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Hidden voices of Empire


Many people, and amongst their numbers are not a few educated Africans, think back with regret to the days when all that a man had to do was to cultivate his piece of land and to live on such friendly terms as were possible with his neighbours…Some of these people say, “We had enough to eat in those days and we were happy. Why not just let things remain as they were?”’

This extract from a 1953 issue of Uganda review reveals another attitude toward development – reluctance to abandon tradition in favour of a British way of life. This view was particularly well represented in rural areas.

As ER Watts notes in his article ‘Training for community leadership – a Western Nigeria experiment’, in the West African annual, 1958, ‘Rural people everywhere are noted for their conservatism and for a general contentment with their lot.’ There seem to be two reasons for this.


A set of images related to agriculture, published by the Central Office of Information in London, which suggests that older Africans learned British techniques from their childrenA set of images published by the Central Office of Information in London, which suggests that older Africans learned British techniques from their childrenAs one of the areas of development where traditions had the longest roots, we find that adherence to these traditions is most deeply entrenched in agriculture, which is of course primarily a rural activity.

Thus, Nigeria magazine describes without further comment ‘the inherent conservatism which made the African farmer suspicious of every new attempt to get him to improve his agricultural methods.’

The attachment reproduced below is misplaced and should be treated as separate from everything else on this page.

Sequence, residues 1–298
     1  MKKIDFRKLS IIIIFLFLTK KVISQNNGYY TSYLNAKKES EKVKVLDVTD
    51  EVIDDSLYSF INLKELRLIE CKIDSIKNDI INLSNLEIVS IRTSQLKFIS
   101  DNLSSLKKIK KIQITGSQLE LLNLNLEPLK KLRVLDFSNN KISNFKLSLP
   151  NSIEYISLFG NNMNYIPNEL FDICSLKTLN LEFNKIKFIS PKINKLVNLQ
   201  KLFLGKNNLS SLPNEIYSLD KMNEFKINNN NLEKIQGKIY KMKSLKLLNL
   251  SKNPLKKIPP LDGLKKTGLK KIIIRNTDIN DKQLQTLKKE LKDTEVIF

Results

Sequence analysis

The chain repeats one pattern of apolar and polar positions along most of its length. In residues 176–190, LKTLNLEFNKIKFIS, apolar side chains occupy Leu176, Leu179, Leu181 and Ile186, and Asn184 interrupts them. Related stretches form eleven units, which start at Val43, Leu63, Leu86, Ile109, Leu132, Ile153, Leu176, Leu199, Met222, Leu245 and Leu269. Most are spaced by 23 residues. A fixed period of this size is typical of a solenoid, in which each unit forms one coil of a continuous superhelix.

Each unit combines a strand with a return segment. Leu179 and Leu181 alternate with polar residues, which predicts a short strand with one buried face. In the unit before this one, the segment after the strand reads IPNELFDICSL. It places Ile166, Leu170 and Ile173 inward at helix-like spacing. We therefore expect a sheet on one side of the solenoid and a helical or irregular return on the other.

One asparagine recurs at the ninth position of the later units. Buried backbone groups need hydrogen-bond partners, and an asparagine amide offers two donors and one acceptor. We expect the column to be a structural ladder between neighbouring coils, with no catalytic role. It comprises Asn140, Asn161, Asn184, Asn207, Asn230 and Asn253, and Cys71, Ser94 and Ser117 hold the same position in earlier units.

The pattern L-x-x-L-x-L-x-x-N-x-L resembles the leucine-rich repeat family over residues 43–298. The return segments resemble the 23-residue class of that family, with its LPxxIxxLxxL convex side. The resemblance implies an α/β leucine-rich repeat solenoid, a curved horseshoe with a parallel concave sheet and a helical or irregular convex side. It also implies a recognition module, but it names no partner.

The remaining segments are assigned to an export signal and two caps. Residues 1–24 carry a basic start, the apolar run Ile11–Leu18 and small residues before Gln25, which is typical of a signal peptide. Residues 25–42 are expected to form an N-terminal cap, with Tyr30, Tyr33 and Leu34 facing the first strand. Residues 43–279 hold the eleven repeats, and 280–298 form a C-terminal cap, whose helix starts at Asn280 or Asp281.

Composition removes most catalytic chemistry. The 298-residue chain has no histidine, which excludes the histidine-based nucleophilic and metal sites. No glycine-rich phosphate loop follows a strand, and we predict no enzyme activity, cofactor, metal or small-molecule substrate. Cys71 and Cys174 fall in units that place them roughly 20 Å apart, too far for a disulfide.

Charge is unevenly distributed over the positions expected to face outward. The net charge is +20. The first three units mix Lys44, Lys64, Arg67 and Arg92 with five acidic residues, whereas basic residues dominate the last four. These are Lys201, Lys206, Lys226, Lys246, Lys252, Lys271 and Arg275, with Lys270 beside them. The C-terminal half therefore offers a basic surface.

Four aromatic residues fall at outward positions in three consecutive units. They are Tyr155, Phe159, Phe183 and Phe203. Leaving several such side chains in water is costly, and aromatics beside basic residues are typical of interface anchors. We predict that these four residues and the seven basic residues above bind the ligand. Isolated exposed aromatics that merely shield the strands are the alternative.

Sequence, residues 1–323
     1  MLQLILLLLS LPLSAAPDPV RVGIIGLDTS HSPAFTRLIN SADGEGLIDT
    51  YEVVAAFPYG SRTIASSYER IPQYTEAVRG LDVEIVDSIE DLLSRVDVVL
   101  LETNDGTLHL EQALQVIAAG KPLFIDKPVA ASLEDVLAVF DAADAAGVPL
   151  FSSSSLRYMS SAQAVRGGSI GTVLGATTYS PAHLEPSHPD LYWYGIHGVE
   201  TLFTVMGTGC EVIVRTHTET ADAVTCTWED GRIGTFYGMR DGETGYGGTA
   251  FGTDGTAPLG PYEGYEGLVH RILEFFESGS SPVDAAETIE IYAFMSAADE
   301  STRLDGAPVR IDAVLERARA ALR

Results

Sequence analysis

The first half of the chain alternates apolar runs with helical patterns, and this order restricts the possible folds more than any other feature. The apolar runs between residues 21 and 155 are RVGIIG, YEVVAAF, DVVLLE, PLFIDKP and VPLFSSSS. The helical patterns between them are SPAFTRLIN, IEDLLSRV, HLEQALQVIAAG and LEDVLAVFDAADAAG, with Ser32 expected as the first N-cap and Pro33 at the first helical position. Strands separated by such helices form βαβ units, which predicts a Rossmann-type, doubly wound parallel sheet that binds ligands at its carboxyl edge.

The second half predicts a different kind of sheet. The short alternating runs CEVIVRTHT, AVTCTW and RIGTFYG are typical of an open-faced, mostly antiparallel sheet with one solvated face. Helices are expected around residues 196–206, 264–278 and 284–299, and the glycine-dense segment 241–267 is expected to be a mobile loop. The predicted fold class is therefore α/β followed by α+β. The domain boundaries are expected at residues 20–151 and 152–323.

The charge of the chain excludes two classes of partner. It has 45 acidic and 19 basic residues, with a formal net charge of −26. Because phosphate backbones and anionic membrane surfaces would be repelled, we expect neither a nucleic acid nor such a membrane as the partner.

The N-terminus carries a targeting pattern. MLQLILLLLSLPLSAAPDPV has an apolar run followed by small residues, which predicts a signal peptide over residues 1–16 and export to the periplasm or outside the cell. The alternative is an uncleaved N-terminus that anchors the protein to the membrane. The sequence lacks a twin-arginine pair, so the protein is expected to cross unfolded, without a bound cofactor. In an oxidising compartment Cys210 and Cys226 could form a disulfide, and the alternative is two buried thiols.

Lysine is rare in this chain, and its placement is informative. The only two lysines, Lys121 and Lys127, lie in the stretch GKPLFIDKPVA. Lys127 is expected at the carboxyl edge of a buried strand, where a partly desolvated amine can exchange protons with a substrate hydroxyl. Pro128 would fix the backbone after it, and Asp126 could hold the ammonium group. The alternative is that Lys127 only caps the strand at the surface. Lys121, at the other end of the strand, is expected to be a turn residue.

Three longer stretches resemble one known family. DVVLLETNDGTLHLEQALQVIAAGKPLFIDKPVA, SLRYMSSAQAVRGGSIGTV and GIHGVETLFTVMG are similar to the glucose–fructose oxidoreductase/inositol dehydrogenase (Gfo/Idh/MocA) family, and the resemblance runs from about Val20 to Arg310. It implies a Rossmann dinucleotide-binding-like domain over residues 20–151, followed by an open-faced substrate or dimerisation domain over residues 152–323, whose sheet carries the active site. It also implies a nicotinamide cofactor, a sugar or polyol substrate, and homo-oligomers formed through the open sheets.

This is further reflected in If you ask me… which published the question:

Why are the government always trying to make us grow new varieties of crops or different crops altogether when we have grown the same crops for generations and know that they are good?

Less European contact

The other reason that reluctance was more common in rural areas is that they had had less historical contact with colonisers than the cities and coastal trading towns: ‘In the protectorate there is nothing of that metropolitan outlook which characterises Freetown, nor Freetown’s assimilation of European ways’. 

Therefore, African contributor to the West African annual, Iya Abubakar, commented that ‘in some odd remote areas superstitions and conservatism still prevail and they are drawbacks to agricultural developments’. Abubakar demonstrates a keen local understanding of the connection between extended contact and ‘progress’, warning that:

The national life or culture of any peoples takes ages to grow into what it is and so it is calamitous to uproot it in a very short time and plant a new one in its stead. Grafting, rather than sowing, the new ideas will serve better in the long run. So to make it grow more successfully new ideas should be introduced gradually and should be linked to the old ones.

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